More than ever, smart watches are looking like MP3 music players before Apple unveiled the iPod and began a lineage of mobile computing that would eventually turn the world of personal computing upside down. At the time, MP3 players were dominated by companies no one remembers now, like Diamond Multimedia, and MP3 players like its Rio were a novelty that consumers clearly wanted, even if manufacturers hadn’t yet figured out how to make them well.
With every new smart watch—today’s is Sony’s SmartWatch 2—the makers of wrist-based computers seem bent on emphasizing the inadequacy of the form factor, the design tradeoffs they’ve decided to make, their designers’ imaginations, or perhaps all three.
Summing up reviews of the current crop of smart watches, Wirecutter declared in March 2013 they were all “kind of crummy.” Ever since, it’s been up to manufacturers to prove reviewers wrong, and I predicted just days ago that Sony would fail to meaningfully up the ante with its new smart watch. A rundown of the features of Sony’s SmartWatch 2, including comparisons with its closest competitors, the Pebble and the MetaWatch, bears out that prediction.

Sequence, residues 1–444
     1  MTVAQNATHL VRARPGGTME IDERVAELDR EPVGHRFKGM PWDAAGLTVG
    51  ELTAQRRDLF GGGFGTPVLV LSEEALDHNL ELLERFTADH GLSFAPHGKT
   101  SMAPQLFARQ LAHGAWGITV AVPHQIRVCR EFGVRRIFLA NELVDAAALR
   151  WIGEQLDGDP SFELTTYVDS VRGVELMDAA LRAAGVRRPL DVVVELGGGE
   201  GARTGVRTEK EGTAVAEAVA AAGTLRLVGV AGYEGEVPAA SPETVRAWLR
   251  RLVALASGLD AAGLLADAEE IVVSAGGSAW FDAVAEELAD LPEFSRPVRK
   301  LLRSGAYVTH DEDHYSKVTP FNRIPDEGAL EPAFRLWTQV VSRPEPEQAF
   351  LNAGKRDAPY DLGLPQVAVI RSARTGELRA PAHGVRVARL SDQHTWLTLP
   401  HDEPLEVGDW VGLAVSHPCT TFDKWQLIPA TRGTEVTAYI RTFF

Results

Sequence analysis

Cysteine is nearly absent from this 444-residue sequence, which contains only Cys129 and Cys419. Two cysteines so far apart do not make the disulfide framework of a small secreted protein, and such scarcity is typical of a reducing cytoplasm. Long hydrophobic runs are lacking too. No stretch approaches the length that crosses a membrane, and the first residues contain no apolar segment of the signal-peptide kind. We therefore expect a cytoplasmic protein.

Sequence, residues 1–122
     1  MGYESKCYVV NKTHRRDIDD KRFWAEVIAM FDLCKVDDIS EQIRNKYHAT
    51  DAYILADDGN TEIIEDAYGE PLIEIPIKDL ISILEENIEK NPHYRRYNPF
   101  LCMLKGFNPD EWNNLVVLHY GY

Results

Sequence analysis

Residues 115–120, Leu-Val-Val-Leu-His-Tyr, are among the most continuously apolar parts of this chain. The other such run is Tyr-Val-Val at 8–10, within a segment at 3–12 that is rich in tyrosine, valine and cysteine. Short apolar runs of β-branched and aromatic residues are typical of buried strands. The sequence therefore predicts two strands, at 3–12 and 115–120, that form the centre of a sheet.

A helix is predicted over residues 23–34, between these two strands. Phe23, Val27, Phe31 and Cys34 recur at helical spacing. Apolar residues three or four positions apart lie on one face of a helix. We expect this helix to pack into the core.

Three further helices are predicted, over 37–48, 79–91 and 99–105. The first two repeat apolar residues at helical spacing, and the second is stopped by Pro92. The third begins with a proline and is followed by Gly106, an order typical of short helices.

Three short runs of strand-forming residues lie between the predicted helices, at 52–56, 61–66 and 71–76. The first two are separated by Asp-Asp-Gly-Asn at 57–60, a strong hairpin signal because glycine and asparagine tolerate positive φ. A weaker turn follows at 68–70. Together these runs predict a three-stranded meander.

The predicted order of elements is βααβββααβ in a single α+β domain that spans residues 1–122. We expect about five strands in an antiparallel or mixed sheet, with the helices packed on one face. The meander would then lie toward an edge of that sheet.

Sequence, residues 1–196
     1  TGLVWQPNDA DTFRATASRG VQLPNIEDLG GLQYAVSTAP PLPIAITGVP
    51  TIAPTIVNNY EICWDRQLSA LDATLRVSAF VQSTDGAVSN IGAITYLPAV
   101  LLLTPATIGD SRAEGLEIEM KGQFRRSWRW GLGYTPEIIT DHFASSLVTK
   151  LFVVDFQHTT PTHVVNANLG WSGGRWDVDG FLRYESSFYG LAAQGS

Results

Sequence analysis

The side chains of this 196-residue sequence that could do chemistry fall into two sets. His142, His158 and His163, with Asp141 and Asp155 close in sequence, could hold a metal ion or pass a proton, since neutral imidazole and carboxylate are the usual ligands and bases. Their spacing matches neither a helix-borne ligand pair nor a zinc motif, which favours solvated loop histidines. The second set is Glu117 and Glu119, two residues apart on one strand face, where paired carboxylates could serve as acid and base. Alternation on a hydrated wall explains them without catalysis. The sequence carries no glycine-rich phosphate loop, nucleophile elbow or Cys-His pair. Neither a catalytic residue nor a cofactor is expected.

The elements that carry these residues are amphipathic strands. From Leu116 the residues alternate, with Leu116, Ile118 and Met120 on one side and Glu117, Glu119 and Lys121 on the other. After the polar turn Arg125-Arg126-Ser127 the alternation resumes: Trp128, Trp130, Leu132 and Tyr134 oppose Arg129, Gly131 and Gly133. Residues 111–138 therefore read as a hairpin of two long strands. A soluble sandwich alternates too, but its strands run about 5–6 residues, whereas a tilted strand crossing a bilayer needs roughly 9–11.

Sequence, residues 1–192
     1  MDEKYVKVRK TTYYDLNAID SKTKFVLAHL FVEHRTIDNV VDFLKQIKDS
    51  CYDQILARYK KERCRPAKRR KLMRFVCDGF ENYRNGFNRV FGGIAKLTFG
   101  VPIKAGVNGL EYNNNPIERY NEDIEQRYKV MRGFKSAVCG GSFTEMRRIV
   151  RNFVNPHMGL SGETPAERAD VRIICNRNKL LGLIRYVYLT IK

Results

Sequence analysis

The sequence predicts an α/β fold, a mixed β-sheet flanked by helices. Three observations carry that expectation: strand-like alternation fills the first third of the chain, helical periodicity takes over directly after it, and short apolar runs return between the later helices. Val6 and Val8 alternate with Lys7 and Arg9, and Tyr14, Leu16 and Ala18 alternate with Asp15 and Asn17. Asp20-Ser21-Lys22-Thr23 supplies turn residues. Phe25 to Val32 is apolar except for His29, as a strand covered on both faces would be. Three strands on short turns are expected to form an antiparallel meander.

The woes of current smart watches are myriad, from inadequate battery life (imagine charging your watch daily, like your smartphone) to low-resolution screens to a lack of third-party apps (i.e., the software that makes smartphones so useful). But the primary issue with smart watches is that there has yet to be a category-defining device worth copying by all its competitors.
That is, smart watches have yet to have their iPod or iPhone moment. This leaves the field wide open for Apple, Samsung, and Microsoft, all of which are reportedly working on smart watches, to gain the substantial first-mover advantage that comes with producing the first mobile consumer device in a new category. For the iPhone, being the first stable, truly usable pocket computer meant that developers flocked to the platform, an advantage that keeps users loyal to the iOS ecosystem even as Android handset makers offer a much more diverse and, in some respects, more capable suite of devices.
There is also a possibility that a dark-horse candidate will enter the race for smart watches and succeed by re-thinking their purpose altogether. It’s about time.